Institution-building and the Kochi-Muziris Biennale

Foundation to participate in discussion on Biennale’s governing principles and institutional practices


New Delhi, Aug 27: The artistic, administrative and political agencies instrumental in setting up the Kochi-Muziris Biennale (KMB) will provide inside accounts of the institutional practices of India’s largest contemporary art extravaganza at an upcoming conversation here.

Titled ‘Kochi-Muziris Biennale: A Cultural Investment in Diversity’, the evening discussion will see KMB co-founder and Director of Programmes Riyas Komu in conversation with two of the Biennale’s staunchest supporters, CPI(M) Polit Bureau member M.A. Baby and Dr Venu Vasudevan, the Principal Secretary of Tourism in Kerala.

The conversation – third in the critically acclaimed Lila Prism Lecture Series, now in its fourth edition – will be held at Gulmohar Hall at the India Habitat Centre on August 30 from 7 pm.

With the third installment of India’s only Biennale set to begin on December 12, the conversation will serve as a glimpse into the ethos of what has become a bastion for the non-traditional. It is, equally, an opportunity to reflect on the institutional practices that have allowed for the initiation of a cosmopolitan dialogue between aesthetics and politics: where good art is good politics.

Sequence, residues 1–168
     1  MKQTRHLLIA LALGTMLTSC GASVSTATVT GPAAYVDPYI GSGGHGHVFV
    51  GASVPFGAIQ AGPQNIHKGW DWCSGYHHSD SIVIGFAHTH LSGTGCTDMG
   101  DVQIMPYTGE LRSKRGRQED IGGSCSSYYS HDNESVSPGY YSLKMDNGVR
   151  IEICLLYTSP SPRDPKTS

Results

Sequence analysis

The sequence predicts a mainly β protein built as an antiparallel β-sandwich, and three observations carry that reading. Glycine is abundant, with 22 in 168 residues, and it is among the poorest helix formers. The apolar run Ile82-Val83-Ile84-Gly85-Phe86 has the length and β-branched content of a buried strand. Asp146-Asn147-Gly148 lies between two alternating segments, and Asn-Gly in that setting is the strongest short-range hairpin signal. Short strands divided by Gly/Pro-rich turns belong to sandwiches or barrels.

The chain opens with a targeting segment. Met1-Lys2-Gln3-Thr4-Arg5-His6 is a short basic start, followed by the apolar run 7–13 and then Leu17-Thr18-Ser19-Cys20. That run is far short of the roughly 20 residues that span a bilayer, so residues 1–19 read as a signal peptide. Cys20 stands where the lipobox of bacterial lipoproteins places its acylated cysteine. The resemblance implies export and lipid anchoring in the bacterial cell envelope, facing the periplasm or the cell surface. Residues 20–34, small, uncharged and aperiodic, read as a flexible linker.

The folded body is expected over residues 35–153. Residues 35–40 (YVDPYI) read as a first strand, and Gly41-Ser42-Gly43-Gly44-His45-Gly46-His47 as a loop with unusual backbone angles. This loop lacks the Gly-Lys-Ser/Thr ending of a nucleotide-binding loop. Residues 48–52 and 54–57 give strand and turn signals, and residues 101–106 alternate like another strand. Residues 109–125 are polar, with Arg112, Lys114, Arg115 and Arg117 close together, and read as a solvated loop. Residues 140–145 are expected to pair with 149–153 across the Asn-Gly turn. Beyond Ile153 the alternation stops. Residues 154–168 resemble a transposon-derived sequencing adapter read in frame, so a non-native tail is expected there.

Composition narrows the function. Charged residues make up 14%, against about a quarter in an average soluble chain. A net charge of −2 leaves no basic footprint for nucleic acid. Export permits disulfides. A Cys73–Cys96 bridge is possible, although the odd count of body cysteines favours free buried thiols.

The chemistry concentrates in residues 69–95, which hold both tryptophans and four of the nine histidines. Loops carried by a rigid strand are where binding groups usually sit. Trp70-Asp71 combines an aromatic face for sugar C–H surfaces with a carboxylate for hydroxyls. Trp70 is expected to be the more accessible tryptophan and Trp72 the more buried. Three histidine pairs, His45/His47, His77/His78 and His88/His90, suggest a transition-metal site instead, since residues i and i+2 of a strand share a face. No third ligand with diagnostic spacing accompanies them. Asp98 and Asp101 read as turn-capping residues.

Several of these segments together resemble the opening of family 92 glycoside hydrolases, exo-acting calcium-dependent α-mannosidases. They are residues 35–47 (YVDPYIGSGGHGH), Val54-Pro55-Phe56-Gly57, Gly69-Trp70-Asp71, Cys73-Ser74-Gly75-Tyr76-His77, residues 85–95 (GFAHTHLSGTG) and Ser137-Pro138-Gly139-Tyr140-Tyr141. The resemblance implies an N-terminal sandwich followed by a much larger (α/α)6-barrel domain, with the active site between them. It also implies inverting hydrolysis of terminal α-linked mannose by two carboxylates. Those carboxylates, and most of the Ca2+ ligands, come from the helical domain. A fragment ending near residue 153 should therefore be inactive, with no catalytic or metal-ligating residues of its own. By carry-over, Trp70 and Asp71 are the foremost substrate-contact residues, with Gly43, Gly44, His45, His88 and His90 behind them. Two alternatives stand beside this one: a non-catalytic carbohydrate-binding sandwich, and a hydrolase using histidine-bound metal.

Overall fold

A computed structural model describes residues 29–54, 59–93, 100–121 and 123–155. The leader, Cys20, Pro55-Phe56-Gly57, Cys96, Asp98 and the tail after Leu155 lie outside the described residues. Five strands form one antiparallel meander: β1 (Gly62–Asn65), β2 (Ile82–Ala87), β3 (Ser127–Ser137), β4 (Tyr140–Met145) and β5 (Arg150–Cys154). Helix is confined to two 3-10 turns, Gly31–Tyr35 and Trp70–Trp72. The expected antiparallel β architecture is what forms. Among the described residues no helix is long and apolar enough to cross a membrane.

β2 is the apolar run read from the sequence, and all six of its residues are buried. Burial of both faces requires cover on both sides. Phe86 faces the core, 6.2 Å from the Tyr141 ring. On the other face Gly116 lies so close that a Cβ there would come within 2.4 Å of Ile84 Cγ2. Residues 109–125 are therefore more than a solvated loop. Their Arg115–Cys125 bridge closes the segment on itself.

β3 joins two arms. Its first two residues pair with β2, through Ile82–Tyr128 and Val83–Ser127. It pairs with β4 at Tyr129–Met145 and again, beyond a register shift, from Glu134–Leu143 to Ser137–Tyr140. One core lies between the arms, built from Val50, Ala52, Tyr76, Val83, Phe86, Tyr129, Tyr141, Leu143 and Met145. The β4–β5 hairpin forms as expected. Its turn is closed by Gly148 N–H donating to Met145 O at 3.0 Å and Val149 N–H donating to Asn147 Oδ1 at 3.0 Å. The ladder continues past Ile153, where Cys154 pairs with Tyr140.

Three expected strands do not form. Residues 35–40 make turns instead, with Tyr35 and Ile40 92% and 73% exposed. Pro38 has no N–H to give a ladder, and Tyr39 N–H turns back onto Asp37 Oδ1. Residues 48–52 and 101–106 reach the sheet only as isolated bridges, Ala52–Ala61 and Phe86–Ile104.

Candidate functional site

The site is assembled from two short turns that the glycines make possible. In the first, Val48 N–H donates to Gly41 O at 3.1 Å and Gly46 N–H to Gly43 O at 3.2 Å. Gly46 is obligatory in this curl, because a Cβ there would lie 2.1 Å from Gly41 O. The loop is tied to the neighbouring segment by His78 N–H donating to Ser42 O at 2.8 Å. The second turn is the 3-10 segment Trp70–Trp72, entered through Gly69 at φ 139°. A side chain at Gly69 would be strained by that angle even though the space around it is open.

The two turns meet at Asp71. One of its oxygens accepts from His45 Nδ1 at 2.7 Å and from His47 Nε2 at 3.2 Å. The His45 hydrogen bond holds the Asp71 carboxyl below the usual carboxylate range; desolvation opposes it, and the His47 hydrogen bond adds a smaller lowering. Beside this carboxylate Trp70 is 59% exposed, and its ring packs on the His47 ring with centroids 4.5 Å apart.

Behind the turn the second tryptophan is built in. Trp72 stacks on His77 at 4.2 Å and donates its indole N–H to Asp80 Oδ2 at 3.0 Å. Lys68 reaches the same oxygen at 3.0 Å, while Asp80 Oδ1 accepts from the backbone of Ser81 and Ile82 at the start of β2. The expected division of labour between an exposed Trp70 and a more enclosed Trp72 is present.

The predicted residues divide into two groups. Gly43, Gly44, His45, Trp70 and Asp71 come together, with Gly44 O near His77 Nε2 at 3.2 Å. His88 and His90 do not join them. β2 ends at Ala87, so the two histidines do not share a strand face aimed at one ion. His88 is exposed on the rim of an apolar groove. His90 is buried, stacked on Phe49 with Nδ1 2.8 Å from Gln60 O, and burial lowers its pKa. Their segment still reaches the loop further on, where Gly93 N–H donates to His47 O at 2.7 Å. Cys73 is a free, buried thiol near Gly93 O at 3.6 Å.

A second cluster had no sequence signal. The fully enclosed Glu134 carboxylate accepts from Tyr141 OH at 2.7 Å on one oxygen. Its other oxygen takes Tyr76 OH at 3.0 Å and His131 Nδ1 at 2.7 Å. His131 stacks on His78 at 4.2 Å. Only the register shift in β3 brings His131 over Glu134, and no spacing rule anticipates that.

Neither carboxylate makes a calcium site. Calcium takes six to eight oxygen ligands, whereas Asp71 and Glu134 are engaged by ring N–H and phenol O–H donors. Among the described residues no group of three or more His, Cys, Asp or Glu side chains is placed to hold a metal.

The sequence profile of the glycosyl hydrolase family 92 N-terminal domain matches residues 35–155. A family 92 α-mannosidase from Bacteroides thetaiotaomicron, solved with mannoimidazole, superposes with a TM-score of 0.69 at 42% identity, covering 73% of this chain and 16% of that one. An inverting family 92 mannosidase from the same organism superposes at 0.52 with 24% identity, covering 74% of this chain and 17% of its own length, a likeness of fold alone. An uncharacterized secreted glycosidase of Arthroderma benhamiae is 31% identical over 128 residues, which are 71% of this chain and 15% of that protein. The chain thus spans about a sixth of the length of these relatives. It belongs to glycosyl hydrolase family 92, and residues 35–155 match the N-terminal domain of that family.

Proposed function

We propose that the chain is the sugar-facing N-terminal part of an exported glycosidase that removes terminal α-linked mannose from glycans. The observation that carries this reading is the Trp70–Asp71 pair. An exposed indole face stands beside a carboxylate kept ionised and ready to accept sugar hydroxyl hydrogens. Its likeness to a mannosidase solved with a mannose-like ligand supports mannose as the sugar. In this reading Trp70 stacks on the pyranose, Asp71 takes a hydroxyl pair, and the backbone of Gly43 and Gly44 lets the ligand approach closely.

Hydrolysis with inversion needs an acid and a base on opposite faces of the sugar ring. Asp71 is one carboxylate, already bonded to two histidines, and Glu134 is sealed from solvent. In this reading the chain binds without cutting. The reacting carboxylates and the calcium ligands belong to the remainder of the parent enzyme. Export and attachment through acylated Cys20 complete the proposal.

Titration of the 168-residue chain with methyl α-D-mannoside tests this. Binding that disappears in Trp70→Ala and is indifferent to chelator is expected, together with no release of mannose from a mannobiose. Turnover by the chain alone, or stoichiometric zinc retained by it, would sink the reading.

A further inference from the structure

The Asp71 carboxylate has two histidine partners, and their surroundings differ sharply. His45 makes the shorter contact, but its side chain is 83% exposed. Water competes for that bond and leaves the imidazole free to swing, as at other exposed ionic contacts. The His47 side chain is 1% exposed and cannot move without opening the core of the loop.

“What the KMB has done in India is create an opportunity for cultural investment and a platform for celebrating diversity. We embarked on this journey because we believed the conversation and discussion surrounding contemporary art and culture must increase and be inclusive. The Kochi Biennale Foundation, the outreach programmes led by it, and the Biennale all work towards that intention. That is why we began and that is why we keep going,” Komu said.

The KMB functions not simply as a periodic event, but as a year-round concert of actions. Part of a complex network of relationships, it executes programmes that include research and artistic residencies, educational interventions and public conversations.

Its active outreach initiatives – supported by a host of corporate partners and individual patrons – operating beyond the duration of individual editions has allowed the KMB to position itself both as a model for the regeneration of the Indian cultural landscape and a platform for art and discourse to intervene in contemporary concerns

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